Steve Nash is a notable winner despite the fact that he has never advanced further than the Conference Finals with either the Suns or Mavericks. In fact, his winner status may be caused by his failures. He is a winner because of his never-say-die spirit and not his actual win/loss total. Everyone remembers his gruesome bleeding nose: Nash showed more grit and determination there than the entire league since Iverson’s incredulous play in the early part of the decade. A veritable gusher, Nash’s nose refused to stop bleeding, delaying the game and making him sit out much to his dismay.
Steve wills his team to victories throughout the entire season and through the playoffs. It is not a coincidence that the Suns were lackluster before Nash arrived in the desert, and as soon as Nash arrived Phoenix lit up like the 4th of July and improved their record to over 60 victories. His rogue passing and leadership is tops in the league for a point guard for anyone not named Chris Paul. In Terry Porter’s system, Nash was a wild mustang forced to endure a domestic lifestyle, required to give two-minute pony rides to spoiled 8-year-old girls at a shady carnival. Now, in the Gentry revival, Nash has broken free of the reigns and Shaq-les of the half-court offense and sprinted into the prolific high scoring system. Under Gentry, the Suns averaged more points per game than at any point of time in the D’Antoni system, so a famine of points needn’t be a worry for Suns fans.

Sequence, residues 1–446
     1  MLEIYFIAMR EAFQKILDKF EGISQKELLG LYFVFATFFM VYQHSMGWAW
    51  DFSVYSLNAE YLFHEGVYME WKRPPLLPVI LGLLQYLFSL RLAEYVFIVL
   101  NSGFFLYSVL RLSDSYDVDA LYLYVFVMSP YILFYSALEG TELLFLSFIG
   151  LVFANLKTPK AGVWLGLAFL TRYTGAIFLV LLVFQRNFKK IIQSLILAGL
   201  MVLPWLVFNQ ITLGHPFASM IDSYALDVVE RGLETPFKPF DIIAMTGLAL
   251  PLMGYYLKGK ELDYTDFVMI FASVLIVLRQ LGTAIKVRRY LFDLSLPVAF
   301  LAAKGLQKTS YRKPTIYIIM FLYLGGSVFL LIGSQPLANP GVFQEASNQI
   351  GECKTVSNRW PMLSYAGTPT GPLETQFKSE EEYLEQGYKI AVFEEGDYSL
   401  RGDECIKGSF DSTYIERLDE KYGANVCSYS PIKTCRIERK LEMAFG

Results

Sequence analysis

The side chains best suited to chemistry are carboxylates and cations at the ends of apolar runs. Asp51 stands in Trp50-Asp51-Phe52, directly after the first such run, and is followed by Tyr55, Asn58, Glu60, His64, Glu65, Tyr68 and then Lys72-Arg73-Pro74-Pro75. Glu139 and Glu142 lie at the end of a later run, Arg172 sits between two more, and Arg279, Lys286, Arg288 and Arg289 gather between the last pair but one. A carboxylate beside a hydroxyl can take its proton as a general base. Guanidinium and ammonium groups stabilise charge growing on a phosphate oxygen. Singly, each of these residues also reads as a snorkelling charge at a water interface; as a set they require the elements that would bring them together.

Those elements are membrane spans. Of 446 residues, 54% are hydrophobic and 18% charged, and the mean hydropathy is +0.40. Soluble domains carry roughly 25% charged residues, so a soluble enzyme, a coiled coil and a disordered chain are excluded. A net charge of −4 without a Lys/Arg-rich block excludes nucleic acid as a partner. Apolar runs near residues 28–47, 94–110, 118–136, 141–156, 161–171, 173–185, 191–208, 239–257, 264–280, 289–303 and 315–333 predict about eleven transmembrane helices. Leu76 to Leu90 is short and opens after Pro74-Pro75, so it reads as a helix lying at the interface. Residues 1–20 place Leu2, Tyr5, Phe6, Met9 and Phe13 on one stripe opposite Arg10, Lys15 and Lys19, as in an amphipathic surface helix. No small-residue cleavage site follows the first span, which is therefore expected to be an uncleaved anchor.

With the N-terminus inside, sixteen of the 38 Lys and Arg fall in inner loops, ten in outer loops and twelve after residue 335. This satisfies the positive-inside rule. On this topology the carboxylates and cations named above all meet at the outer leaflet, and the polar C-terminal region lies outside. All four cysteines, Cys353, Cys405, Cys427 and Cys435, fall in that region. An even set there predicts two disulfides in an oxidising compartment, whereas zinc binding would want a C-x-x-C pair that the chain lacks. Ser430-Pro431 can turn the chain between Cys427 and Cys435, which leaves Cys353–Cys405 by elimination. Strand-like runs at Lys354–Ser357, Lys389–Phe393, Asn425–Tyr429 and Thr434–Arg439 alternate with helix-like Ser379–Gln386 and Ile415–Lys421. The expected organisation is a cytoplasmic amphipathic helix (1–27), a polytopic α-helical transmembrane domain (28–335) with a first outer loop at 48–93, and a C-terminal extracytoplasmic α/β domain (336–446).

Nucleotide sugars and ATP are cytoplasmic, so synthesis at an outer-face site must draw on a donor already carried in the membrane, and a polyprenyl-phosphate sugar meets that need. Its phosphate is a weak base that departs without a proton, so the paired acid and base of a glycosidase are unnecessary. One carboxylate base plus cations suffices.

This is probably the last chance for the Suns to contend in the West, as they are currently constituted. Nash, while he has resisted the effects of aging thus far, is not immortal and is on the older side of the league. Amar’e is not a guarantee to stick around in Phoenix, with whom he has had numerous disagreements and discrepancies concerning the coach (Porter) and his contract. The rest of the team is not exactly out of the crib either, which means that Kerr will have to make some major moves to remain contenders in the West.
They likely have one last bullet in the chamber, one last legitimate shot to contend with the big boys before slowly withering away. Their style of play was ephemeral to the fullest, and they failed to capitalize on their uniqueness. Instead, they have inspired some in the league to follow suit and sacrifice any defensive ethics and instead focus entirely on entertaining the masses with dazzling theatrics that people are willing to pay hard earned currency for. They are the originators; the innovators who amazed and inspired the rest of the league while forcing others to wake up and take notice and head their presence. They nearly erased any notion that only teams that play strict defense can win in the Association.